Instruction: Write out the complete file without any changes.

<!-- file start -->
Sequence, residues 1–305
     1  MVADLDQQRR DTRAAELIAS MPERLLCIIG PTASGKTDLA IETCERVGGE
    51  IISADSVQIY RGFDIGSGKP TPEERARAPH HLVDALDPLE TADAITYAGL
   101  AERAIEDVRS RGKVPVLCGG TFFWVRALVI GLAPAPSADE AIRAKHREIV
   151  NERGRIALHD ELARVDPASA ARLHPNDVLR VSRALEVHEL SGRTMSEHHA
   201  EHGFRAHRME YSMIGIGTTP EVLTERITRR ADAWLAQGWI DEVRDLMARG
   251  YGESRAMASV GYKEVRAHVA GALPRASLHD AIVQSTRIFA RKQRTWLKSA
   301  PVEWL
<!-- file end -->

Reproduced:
Sequence, residues 1–305
     1  MVADLDQQRR DTRAAELIAS MPERLLCIIG PTASGKTDLA IETCERVGGE
    51  IISADSVQIY RGFDIGSGKP TPEERARAPH HLVDALDPLE TADAITYAGL
   101  AERAIEDVRS RGKVPVLCGG TFFWVRALVI GLAPAPSADE AIRAKHREIV
   151  NERGRIALHD ELARVDPASA ARLHPNDVLR VSRALEVHEL SGRTMSEHHA
   201  EHGFRAHRME YSMIGIGTTP EVLTERITRR ADAWLAQGWI DEVRDLMARG
   251  YGESRAMASV GYKEVRAHVA GALPRASLHD AIVQSTRIFA RKQRTWLKSA
   301  PVEWL